Donald and the Tweety Bird: The Ethical Analysis of President Trump’s False Twitter Claims

by anoifdk on April 28, 2017 - 12:11pm

Social media has reshaped the way information is transmitted throughout the world. Websites such as Twitter or Facebook promote the global spreading of information instantaneously, a phenomenon that could not occur prior to the Internet. Famous people, by definition, possess an especially vast audience and this is reflected in amount of engagement their online accounts receive. Because of this, the question of whether or not influential figures have the moral obligation to use social media with care in order to not spread misinformation must be considered. Donald Trump, the 45th President of the United States, occupies what is unmistakably one of the most important positions in the country. Unfortunately, he is recognized for regularly tweeting false claims. On March 14th, 2017,  Donald Trump posted photos of a Fox News report stating that 235 thousand new jobs were created in the month of February, after his inauguration (@realDonaldTrump, “JOBS…”). Prior to this, on March 4th, he accused former president Barack Obama of surveilling his phone: “[h]ow low has President Obama gone to tapp my phones during the very sacred election process. [...]” (@realDonaldTrump, “How low…”) When studying the relationship between power and morality in the social media age, Donald Trump’s tweets are interesting case studies. From a teleological perspective, the tweets are in fact dangerous and unethical because they do not provide positive outcomes.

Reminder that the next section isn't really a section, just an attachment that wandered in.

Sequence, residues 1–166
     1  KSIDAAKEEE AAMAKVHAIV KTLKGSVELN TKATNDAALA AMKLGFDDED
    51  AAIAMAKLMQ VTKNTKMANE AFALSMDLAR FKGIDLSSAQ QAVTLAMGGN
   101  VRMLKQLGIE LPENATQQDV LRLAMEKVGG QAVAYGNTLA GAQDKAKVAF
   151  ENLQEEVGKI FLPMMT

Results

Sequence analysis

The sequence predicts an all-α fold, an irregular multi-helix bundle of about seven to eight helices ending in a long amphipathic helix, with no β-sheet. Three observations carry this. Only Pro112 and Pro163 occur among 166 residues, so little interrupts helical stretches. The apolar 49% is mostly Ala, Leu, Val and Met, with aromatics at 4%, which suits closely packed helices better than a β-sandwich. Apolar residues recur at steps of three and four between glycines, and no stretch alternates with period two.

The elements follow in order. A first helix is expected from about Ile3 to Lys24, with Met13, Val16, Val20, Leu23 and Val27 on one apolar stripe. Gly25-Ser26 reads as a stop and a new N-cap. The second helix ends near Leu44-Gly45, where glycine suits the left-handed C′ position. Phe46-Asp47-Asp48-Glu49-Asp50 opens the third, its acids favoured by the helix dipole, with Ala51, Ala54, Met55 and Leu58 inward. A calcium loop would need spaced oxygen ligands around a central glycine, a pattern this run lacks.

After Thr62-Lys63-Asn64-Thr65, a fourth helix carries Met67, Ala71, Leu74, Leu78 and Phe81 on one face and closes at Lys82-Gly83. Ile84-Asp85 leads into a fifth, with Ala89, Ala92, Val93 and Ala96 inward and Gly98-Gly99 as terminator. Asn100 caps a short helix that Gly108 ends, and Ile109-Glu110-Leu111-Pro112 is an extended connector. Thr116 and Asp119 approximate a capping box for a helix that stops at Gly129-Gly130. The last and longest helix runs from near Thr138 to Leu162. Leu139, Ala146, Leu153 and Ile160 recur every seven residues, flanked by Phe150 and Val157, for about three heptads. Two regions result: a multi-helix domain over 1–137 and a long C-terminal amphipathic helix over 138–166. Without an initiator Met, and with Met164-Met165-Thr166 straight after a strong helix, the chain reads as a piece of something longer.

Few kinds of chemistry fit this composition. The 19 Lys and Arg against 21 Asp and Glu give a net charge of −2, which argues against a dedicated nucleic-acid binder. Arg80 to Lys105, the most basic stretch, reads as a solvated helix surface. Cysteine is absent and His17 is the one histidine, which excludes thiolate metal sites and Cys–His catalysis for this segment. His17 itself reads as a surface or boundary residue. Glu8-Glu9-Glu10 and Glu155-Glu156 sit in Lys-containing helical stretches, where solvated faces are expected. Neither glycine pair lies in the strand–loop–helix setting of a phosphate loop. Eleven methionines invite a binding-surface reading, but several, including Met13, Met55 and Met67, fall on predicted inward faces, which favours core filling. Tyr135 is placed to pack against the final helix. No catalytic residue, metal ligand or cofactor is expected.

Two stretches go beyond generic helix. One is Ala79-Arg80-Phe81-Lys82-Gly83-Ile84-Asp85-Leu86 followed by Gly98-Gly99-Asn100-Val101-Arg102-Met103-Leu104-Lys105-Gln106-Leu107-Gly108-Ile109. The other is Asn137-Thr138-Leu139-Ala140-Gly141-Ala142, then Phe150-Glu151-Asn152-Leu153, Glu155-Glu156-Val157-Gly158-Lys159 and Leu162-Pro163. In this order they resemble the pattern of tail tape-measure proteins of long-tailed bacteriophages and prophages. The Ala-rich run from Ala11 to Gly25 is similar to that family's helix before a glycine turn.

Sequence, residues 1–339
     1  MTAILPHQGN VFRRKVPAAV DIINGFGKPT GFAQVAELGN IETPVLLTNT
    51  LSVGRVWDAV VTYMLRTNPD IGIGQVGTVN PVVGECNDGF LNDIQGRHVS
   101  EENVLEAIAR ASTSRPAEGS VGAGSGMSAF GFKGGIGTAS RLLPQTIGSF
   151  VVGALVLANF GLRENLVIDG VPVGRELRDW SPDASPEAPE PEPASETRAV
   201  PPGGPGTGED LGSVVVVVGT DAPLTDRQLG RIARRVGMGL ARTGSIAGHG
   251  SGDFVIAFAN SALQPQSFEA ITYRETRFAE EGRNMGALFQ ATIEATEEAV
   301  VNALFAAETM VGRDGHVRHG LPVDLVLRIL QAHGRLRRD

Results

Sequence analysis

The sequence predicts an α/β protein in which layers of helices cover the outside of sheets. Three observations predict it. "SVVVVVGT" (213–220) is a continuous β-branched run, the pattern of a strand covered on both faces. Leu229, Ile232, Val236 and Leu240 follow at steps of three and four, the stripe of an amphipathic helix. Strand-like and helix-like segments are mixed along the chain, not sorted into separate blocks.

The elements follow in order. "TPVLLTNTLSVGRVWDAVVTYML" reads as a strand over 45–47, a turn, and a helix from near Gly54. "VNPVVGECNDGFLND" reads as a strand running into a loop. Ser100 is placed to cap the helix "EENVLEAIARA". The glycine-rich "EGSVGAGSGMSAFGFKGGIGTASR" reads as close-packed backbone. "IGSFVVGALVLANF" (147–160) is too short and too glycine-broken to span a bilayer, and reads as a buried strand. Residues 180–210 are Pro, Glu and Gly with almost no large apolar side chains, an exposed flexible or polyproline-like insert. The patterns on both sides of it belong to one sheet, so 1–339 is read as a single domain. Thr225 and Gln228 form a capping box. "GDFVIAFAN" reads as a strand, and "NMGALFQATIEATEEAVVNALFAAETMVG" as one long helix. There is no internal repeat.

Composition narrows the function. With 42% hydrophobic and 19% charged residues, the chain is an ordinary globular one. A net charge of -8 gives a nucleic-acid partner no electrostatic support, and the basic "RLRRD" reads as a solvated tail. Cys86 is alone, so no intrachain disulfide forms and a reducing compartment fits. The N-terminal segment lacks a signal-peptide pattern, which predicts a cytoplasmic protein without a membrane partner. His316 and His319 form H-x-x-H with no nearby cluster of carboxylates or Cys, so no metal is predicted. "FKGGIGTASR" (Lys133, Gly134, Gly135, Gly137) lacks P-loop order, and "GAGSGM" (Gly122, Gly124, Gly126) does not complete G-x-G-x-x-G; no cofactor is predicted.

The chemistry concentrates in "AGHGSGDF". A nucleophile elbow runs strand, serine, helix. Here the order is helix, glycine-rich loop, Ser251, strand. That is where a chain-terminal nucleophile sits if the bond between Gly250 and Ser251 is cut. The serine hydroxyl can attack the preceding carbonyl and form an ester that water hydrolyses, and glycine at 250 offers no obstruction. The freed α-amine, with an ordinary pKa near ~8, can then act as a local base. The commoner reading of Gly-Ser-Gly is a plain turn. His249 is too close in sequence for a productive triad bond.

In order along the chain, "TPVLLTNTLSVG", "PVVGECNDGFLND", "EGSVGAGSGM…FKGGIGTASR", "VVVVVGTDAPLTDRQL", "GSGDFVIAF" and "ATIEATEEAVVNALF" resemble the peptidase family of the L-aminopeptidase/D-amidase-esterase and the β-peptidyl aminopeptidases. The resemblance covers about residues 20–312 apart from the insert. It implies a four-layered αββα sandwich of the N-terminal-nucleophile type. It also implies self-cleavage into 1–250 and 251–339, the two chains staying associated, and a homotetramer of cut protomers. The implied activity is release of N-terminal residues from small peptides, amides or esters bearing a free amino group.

A strong deontological argument can be made in favour of defending free speech and protecting Trump's right to express anything he wishes. Censorship does not pass the categorical imperative: —“[a]ct only on that maxim which you can at the same time will that it should become a universal law” (Waurechen). Although Trump’s tweets are controversial, his thoughts are just as valid as any other person because, as a human being, he is subject to the same maxims. If Trump is to have limitations placed upon him, those limitations must also be followed by everyone for consistency. Freedom of speech is especially important in the realm of politics because differing opinions allow democracy to flourish: “[...]a decent regime of freedom of speech must provide a principled and strong form of protection for political speech” (Shiffrin 285). However, the framework of deontology itself does not function regarding this particular situation because another important maxim, that of honestly, contradicts free speech and prevents the rational reasoning that is the foundation of deontology. Trump cannot be free to utter lies and be truthful at the once; the two concepts are mutually exclusive and directly oppositional.